Wednesday, June 23, 2010

Eurotrip Day 5

Day 5 Has me waking in Lecco on Lake Como.   Worried about the swelling in my knee and pain up my i.t. band.   I rubbed about 2oz. of arnica into it last night, did every stretch I know and woke to thinking 'hey, it doesn't feel too bad'   Then I did a slight squat and thought "fuck.  I might be ending my tour on Lake Como." which was really not part of the program, so I resigned myself to another easy day to hopefully let it settle down.

The upside to that is that Lake Como is beautiful beyond words or pictures.  Nevertheless I'll post some mediocre pics anyway.

Not having planned or thought of anything specific for my unscheduled rest day on Lake Como, I doddled a little at breakfast, considered renting a kayak or racing canoe and getting out on the water for a bit, but in the end I decided to go with what I know and jumped on the bike.  I was just too curious to see if my leg was going to be a problem.   About 15km down the road toward Bellagio I was at the base of one of the climbs to Ghisallo and figured what the hell.  I'll use the climb as a little test, so up I went, and things felt ok.  The climb was beautiful. not too hard but hard enough to slow down the cadence and make me work.  I found that with the slower cadence of climbing I could focus on engaging some lesser developed muscles (glute-meds) and consciously track my knee better and the pain stayed in the background.  Before long I was at Ghisallo and elated that I was there and that my leg didn't feel much worse than when I started.

Ghisallo is incredible.

why wouldn't I be in the same frame as Coppi??

It could be said that every cyclist should  try to make it to Ghisallo.   I'd go so far as to call it a Mecca-esque pilgrimage but that allegory may be a little inappropriate what with the mixing of religions and such..  On that topic I'm not catholic or even religious in any conventional sense but this was awesome.  not awesome like "totally awesome dude!" but awesome like seeing the Grand Canyon for the first time.  Like, loss for words, stop the clocks, overwhelming type awe.   I was more than a little shocked at the effect it had on me and more than a little surprising and very encouraged that cycling is embraced enough at least somewhere to have such a large institution as the catholic church bless and dedicate a chapel to cyclists.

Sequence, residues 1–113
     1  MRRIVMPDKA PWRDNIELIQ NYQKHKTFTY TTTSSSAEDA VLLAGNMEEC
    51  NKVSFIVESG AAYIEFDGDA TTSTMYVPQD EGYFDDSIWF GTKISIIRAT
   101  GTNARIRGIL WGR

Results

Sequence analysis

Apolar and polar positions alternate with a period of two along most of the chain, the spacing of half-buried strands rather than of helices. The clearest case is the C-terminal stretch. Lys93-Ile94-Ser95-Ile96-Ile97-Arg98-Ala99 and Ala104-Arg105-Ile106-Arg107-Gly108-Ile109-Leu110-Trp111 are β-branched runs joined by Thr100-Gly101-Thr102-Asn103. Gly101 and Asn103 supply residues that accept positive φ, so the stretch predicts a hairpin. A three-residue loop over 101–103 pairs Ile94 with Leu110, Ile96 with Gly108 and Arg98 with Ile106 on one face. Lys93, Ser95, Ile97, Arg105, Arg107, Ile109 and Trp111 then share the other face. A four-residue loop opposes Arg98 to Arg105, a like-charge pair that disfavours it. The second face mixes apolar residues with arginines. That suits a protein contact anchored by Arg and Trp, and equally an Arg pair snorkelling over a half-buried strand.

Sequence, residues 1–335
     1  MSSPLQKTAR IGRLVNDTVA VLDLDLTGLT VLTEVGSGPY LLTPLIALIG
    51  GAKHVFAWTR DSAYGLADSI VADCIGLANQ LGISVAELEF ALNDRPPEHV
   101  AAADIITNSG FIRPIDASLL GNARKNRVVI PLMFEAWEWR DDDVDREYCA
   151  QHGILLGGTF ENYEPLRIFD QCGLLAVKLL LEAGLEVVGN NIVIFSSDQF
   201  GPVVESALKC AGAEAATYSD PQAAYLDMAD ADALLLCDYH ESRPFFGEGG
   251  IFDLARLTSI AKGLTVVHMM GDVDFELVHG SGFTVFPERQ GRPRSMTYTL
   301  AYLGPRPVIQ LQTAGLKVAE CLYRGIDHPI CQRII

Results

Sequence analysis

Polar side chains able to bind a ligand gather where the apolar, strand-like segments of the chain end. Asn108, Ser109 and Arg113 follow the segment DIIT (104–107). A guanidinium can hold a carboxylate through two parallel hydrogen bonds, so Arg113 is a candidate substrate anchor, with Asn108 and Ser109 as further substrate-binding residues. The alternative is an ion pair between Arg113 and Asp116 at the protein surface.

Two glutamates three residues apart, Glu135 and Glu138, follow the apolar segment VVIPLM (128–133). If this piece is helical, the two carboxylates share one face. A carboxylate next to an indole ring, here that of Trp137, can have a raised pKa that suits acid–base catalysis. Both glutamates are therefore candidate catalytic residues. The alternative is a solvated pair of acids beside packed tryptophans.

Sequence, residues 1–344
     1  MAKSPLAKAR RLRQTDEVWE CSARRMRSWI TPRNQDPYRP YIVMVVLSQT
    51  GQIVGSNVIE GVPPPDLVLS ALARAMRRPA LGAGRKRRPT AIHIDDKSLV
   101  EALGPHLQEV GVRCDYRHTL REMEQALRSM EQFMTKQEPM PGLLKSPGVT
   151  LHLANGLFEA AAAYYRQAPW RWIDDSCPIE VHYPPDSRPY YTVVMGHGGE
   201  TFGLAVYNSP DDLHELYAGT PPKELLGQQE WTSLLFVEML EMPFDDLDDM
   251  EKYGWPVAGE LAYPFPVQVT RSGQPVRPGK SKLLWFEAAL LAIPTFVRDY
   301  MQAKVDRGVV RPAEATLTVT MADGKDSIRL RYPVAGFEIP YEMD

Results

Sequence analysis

..a far far cry from the marginalization of cyclists that is endured in North America.
In all the visit was uplifting, restorative and even emotional.

Fabio Casartellis bike from the fateful crash in 95'

a Who's who of Italian Champions  

Who are you going to be today?

The museum of cycling is located only a couple hundred meters away too and that was totally worth the 2hrs I spent there.  I photographed practically everything in the place from artwork to old tools and every type of ancient shifting mechanism.  I'll probably just dump them into a picassa folder and link it sometime.

From the museum I buzzed down the super tight switches leading to Bellagio where I soaked up the grandeur, sucked back some cappuccinos, and felt very good about things.   The scenery was magnificent, my knee felt fine, the weather could not be improved on and all was well.   I came to the conclusion that having experienced Ghisallo and celebrated in Bellagio that the trip had paid for itself.  Everything from here in was icing.   A couple hours spent strolling around Bellagio between coffees and then back to Lecco to peruse the cafe offerings along the piazza.   A fella could get used to this.

1 comment:

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